What’s in a Name: Daisen vs. Oyama
Reading the correct kanji for a particular mountain or any uncommon place name for that matter would arguably be the most challenging aspect of the Japanese language. Most kanji have at least two readings: the kunyomi which is the Japanese reading and the onyomi which is close to the original Chinese reading. For example, the character 木 meaning “tree or wood” may be read as ki or moku. The reason why a place adopts a certain reading can be attributed to both historical context and local tradition. In most cases unless the mountain is relatively well-known most native speakers would only hazard a guess as to the correct reading.
Mountain Daisen as described on Google Maps.
Case in point is the mountain name which Google Maps claims to be Mount Daisen 大山 “great mountain” (not to be confused with the mountain in Tottori Prefecture). This kanji could also be written as Taizan, Taisan, Oyama or even Ooyama. This remote mountain is located within the Chichibu-Tama-Kai National Park and managed by the Ministry of the Environment. So, I would be fairly confident in saying that the parks service personal would know better than anyone as to the correct reading of the mountain.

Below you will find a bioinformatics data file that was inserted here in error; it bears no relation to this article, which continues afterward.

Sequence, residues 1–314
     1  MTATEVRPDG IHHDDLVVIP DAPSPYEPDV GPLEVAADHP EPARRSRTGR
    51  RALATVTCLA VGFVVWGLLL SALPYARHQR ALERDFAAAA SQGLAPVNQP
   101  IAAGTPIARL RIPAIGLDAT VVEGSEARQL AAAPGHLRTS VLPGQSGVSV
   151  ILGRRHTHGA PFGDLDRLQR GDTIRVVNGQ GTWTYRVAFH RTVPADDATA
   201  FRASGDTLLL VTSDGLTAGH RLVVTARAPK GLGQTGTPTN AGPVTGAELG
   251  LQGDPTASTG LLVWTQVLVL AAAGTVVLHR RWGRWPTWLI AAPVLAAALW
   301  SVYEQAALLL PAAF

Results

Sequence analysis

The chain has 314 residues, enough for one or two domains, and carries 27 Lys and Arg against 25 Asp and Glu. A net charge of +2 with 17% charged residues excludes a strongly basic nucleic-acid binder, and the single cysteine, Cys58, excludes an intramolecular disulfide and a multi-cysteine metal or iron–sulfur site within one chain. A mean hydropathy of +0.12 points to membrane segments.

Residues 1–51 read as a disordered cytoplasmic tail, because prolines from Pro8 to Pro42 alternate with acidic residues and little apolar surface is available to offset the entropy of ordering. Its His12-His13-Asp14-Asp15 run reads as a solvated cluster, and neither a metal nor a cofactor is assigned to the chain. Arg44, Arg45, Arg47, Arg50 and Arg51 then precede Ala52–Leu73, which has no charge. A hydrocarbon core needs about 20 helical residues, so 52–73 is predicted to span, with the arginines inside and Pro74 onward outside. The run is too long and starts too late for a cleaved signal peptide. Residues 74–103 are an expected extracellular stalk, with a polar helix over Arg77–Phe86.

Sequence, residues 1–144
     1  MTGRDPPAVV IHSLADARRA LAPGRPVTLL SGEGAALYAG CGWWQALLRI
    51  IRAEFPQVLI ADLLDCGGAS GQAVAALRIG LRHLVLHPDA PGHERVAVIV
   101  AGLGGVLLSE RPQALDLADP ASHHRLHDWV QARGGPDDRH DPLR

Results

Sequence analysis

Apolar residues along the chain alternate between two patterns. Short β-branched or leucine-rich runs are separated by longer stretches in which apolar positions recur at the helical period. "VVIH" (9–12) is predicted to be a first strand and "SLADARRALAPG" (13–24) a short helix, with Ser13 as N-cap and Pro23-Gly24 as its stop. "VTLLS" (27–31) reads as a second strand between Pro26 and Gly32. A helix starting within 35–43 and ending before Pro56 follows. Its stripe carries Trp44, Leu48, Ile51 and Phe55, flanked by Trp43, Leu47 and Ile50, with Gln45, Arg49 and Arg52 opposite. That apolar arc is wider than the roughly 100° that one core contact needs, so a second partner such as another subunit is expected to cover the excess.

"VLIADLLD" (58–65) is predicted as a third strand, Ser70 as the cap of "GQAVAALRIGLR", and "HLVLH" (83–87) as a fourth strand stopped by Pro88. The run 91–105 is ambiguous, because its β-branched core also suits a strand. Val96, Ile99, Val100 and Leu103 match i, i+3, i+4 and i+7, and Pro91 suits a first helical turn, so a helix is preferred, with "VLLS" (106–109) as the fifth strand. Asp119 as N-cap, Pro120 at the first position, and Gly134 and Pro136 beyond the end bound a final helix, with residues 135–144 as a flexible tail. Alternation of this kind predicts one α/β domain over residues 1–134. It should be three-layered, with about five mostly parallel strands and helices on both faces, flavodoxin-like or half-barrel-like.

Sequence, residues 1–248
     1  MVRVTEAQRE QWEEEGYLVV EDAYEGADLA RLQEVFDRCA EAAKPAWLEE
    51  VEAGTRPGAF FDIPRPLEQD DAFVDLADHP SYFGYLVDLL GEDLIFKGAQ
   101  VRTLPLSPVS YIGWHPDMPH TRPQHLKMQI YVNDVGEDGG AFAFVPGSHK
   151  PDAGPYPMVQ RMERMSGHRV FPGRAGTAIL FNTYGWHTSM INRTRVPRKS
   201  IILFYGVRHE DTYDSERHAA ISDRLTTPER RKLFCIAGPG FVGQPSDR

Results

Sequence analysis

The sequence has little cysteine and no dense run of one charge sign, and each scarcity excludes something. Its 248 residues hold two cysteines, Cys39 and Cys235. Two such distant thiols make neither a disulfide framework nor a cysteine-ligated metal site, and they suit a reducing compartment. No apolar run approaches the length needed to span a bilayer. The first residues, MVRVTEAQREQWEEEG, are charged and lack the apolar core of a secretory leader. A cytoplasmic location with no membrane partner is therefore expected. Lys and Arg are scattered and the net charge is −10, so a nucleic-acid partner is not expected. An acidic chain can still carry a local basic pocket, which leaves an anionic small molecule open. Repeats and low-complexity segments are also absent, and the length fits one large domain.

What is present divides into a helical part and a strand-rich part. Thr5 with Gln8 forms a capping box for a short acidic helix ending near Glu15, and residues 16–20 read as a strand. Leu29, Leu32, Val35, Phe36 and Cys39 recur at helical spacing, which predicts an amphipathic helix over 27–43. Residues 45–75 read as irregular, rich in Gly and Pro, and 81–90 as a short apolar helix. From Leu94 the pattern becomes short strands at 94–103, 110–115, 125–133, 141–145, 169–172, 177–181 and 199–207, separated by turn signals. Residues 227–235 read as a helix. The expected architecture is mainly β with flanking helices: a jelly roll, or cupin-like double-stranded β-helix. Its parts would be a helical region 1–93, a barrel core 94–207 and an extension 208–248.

Mount Oyama as described in the Chichibu-Tama-Kai National Park.
Which brings us to the question what do when Google Maps messes up one of these uncustomary readings. In theory Google makes it reasonably straight forward to report a missing or incorrect place. After returning from my hike to ‘Mt. Daisen’, I followed the procedure Google Maps sets out for suggesting an edit. In short this involves opening the said map, clicking on the mistake, describing the issue and including a screen grab. It’s now four months since submitting my feedback and I’ve heard back precisely diddly-squat. Unhappily there has been no amendment to the mountain name either. While it mentions any changes might take some time I’m not holding out that my efforts to correct this small injustice will be acted upon anytime soon.